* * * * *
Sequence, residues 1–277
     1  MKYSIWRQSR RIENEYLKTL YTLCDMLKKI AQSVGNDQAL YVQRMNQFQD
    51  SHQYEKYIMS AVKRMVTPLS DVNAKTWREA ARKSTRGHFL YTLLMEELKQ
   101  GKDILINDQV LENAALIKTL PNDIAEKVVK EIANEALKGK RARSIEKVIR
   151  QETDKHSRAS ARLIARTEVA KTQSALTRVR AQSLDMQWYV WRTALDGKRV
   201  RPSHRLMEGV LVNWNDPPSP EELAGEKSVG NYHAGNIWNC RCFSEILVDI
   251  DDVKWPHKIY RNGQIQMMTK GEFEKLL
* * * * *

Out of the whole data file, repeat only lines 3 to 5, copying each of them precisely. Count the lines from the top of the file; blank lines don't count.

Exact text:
    51  SHQYEKYIMS AVKRMVTPLS DVNAKTWREA ARKSTRGHFL YTLLMEELKQ
   101  GKDILINDQV LENAALIKTL PNDIAEKVVK EIANEALKGK RARSIEKVIR
   151  QETDKHSRAS ARLIARTEVA KTQSALTRVR AQSLDMQWYV WRTALDGKRV